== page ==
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Pickering declined to discuss his history with Rodgers, saying, "I really hate and I've tried not to comment on personnel issues. It's only harmful to get into a 'Yes I did, no I didn't' situation."
Rodgers' take on Schilt is caustic. "A professional nice guy," he says. "He works real hard at that, being that nicest, most reasonable, decent, caring, loving man you'll ever meet. He knows all of the regents' birthdays and anniversaries and children's names, and when they go on a trip he writes 'em notes saying, 'I hope you have a good time.' I think he parlayed that from the downtown campus presidency into a position where he's in totally over his head."
Rodgers points out that the council of UH deans unanimously voted against Schilt's appointment, saying he was unqualified and if he was the final candidate, a new national search should be launched.
Through an aide, Schilt declined to respond to specific remarks made by Rodgers for this story.
Rodgers is still angry over a phone call several weeks ago from the chancellor, during which he says Schilt reminded him he was a "friend and buddy" and urged the dean to take a settlement maintaining his pay, to keep his mouth shut and to go back to teaching.
"Alex said to me, 'Gee, we offered you a wonderful deal to just walk away quietly, and I would have taken it, Harrell.' I said 'Yep, you sure would have.'"
If UH has a face in Houston political cir cles, it's the craggy 53-year-old visage of Dr. Richard Murray, the Louisiana-born political scientist who has polled for the Houston Chronicle and Dallas Morning News, provided a talking head for local election night newscasts as long as his students can remember and has instant entree to the offices of the city's political elite. He's not universally admired, of course. During the 1990 Democratic gubernatorial primary, former attorney general Jim Mattox accused Murray of rigging polls to undermine Bulldog Jim's campaign. Murray laughed it off, and Mattox took his predicted drubbing.
Murray, who occasionally partners with political science chair Tedin in outside consulting projects, is financially comfortable and recently purchased a summer home in the wine country of California's Napa Valley. The father of two adult sons and recently remarried, he's neither a malcontent nor a bomb thrower, nor does he nurse ambitions for higher academic office.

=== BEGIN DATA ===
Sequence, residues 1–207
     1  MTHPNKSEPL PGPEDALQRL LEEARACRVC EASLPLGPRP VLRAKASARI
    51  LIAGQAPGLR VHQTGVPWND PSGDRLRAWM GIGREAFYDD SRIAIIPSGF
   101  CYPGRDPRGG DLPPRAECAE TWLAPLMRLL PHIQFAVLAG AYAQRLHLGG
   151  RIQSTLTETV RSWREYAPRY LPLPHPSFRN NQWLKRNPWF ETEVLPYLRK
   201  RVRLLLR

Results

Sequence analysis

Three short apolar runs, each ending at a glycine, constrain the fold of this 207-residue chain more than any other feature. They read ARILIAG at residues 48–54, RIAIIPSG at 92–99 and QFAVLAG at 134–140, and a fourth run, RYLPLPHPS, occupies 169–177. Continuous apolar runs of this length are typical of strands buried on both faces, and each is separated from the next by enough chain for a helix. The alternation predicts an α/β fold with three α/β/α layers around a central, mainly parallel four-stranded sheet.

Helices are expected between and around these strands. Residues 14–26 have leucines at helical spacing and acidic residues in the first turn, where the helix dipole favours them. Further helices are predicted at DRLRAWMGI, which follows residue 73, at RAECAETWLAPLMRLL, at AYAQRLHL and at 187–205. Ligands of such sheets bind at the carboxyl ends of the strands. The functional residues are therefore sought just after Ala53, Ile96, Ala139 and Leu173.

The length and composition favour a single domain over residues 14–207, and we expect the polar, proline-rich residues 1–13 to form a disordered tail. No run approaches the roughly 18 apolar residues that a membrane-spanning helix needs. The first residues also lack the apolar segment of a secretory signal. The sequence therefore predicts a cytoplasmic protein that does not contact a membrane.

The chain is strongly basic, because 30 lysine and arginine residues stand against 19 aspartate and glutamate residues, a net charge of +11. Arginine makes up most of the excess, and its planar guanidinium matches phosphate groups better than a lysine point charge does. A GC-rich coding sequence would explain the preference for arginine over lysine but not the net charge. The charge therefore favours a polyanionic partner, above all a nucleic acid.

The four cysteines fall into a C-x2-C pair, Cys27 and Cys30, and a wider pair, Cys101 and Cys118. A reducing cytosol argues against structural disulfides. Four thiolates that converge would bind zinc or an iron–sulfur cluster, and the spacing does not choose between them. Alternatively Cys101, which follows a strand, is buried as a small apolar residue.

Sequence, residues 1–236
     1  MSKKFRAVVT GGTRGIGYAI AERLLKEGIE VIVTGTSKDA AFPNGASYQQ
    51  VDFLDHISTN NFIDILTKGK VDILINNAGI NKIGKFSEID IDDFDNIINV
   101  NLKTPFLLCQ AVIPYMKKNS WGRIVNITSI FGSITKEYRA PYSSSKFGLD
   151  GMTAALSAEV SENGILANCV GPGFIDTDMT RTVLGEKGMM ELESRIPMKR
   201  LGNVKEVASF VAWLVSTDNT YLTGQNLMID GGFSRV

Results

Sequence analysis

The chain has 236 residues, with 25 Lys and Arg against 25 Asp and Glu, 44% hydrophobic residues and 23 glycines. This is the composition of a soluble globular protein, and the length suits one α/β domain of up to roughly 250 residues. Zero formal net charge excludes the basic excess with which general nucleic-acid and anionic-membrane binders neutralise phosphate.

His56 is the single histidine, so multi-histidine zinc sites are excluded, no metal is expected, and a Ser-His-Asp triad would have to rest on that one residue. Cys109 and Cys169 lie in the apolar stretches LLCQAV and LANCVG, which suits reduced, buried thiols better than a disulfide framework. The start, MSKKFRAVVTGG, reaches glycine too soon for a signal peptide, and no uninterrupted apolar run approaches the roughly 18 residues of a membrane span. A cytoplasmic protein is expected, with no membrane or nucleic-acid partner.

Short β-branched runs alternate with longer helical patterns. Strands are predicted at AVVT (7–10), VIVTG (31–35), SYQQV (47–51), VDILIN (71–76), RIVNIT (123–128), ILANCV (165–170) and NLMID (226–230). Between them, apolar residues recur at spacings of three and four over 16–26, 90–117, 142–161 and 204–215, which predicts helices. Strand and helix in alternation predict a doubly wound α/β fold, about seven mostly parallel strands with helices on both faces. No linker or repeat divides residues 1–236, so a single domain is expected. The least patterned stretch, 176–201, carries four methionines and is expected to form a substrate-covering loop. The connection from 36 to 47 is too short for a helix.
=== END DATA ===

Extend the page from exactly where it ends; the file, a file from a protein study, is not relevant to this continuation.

"I have been here 28 years and I plan on staying, I'm not likely to leave," says the professor. "But I'm more worried about the university's future than at any point in my tenure. We're underachieving. We're better than people think we are, and we do a lot of things awfully well. But we've not organized ourselves to utilize our strengths."
Murray says he has no axes to grind with Schilt or Pickering -- he says he just wants to be part of a successful university. "And people in this community ought to demand that. Four million people around here and they need an excellent public university, and UH is the only option," he says.
Murray tapped his vaunted political connections one afternoon in July by dropping into Mayor Lanier's City Hall office to discuss what he sees as the university's dire political situation in Austin. Lanier told him he had not even been contacted on behalf of the school until after UH was dumped by its Southwest Conference partners. Lanier has publicly damned the school for its sin of omission.
"They never approached him until after the fact on the Southwest Conference, which he just found astounding," remembers Murray. "Every sports editor and anyone who reads the sports page in town knew this was coming. Joe the Ragman could have said this is about to happen. But we were surprised."
Murray has written a 22-page report documenting why the school needs a professional lobbying team to replace or supplement the efforts of Grover Campbell and his assistant. The report emphasizes that the old Austin lobbying system, involving lawmaker enticements like the "three B's" (Beef, Bourbon and Blondes), has been replaced in the modern, more diverse legislature by a system based on the "three F's" (Facts, Footwork and Financing). "Finances," writes Murray, "because most members want to hold their seats and some are ambitious for higher office. A House campaign can easily cost $150,000 these days, a Senate race $500,000. The stork does not bring the money. Most must be raised, with the assistance of lobbyists, from parties with continuing business before the Legislature.
"One advantage we have is to exploit the fact we have some politically very well connected regents who could help us a lot if they would turn their attention to their friends in the Legislature. John Moores, of course. Vidal Martinez. Beth Morian, John O'Quinn. Zinetta Burney has stroke in the black community and Phil Carroll is CEO at Shell. We have strong former members like Ken Lay, who could be helpful. But we haven't created any structure to exploit that."
Grover Campbell, Murray notes, has lasted through three chancellors at the UH system "and his power has increased. They've sucked everything up to the system level. It's amazing how he's advanced to this critical position. He got a ten-grand raise after we lost $8.5 million. I don't call losing $8.5 million a victory, not when everybody else is not being cut."
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